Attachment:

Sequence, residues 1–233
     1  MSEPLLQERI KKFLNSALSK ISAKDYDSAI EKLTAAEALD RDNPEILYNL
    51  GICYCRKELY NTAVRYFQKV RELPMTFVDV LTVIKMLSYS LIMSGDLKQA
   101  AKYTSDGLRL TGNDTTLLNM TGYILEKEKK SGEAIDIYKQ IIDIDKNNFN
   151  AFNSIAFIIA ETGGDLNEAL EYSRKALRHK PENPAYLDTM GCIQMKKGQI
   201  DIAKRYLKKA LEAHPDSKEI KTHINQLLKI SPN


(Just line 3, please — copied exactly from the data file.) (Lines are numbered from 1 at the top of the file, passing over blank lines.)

    51  GICYCRKELY NTAVRYFQKV RELPMTFVDV LTVIKMLSYS LIMSGDLKQA